**spoiler alert** Opens with British agent Leamus watching his East German contact get gunned down at the Berlin wall, the latest in a series of fatal...more**spoiler alert** Opens with British agent Leamus watching his East German contact get gunned down at the Berlin wall, the latest in a series of fatalities and failures. Leamus becomes involved in a secret program to bring down Mundt, head of East German intelligence, which requires long term playacting that is wonderful to read. He falls in love. He discovers that he is a pawn in a meaningless game.
A deeply melancholy account of spying. Smiley's brief appearances are mysterious and ultimately dismaying. (less)
Sallis reveals the story of Driver, this dude who used to stunt drive for movies but then switches to driving getaway vehicles for group heists, using...moreSallis reveals the story of Driver, this dude who used to stunt drive for movies but then switches to driving getaway vehicles for group heists, using careful flashbacks and exactly enough description. Manages to feel both taut and melancholy. An interesting and readable exercise in style. (less)
Reacher assists a secret service agent and dead brother's ex to foil a plot to assassinate the vice president. Typically rad. Interesting to find out...moreReacher assists a secret service agent and dead brother's ex to foil a plot to assassinate the vice president. Typically rad. Interesting to find out details of how the Secret Service works, details that I am too lazy to verify by looking up elsewhere, but will propagate in casual conversation. (less)
I don't think I have the stomach to finish this series, though I do think it is excellent. This one got so brutal and relentlessly depressing and anxi...moreI don't think I have the stomach to finish this series, though I do think it is excellent. This one got so brutal and relentlessly depressing and anxiety inducing that I had to skim the last two thirds and then read the wikipedia entry to fill in the holes. Then I sat bummed out for hours. Explores the political decisions, individual motivations, and emotional experiences involved in slavery and genocide. Every 20-30 pages contains some maddening instance of a powerful person using misinformation and violence to achieve his/her own ends.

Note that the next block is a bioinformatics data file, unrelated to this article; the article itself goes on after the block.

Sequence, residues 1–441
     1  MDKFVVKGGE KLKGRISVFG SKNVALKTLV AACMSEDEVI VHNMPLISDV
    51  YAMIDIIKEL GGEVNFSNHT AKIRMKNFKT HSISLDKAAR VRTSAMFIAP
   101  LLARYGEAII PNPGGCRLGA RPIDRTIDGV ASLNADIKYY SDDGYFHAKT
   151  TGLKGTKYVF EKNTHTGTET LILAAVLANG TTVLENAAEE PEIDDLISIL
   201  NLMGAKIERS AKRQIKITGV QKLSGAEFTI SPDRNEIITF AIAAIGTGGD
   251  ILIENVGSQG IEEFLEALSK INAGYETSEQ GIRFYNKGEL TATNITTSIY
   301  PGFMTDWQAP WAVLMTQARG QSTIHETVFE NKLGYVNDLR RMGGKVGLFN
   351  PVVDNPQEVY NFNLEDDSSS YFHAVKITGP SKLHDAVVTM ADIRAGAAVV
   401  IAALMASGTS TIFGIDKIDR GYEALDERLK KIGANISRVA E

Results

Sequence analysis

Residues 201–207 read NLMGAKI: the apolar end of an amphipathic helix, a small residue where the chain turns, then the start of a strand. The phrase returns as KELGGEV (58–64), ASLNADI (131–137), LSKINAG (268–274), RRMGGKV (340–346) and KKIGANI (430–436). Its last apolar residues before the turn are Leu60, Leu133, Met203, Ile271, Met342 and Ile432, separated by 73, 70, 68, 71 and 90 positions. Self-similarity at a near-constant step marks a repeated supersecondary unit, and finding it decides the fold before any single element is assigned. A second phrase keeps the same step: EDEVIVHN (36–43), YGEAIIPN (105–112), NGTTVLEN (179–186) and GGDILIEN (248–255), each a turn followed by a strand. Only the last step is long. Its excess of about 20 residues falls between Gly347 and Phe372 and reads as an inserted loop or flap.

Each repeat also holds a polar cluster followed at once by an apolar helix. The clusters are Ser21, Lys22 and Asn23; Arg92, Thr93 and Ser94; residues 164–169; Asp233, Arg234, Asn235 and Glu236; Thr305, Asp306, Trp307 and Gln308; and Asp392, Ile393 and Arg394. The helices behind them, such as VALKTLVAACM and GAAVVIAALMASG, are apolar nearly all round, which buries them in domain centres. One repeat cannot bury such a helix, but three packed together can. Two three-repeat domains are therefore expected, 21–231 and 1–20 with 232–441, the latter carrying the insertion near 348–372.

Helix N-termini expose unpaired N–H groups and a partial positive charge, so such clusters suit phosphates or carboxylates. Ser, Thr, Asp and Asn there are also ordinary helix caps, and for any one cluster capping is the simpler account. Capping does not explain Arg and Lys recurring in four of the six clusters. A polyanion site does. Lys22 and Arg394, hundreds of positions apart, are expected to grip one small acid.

At least as suspenseful as the Hunger Games, though the setting stays scrubby the whole way through. The dystopian world is a tidy parallel to the Mas...moreAt least as suspenseful as the Hunger Games, though the setting stays scrubby the whole way through. The dystopian world is a tidy parallel to the Massachusetts Bay Colony.
Is it the human condition to always have a few crazies among us, grabbing all the power and ruining everything for everyone else, especially ladies? If you have ever wondered and despaired at this, this book is for you. (less)
**spoiler alert** A spy thriller written in 1979, set in 1972, with flashbacks to the 1940s. Would not recommend for those sensitive to flamboyant gen...more**spoiler alert** A spy thriller written in 1979, set in 1972, with flashbacks to the 1940s. Would not recommend for those sensitive to flamboyant gender, cultural, or racial stereotypes. Tremendously enjoyed the first half of this, in which we learn the history and myth surrounding Nicholai Hel, international man of mystery, and target of concern for the CIA and OPEC.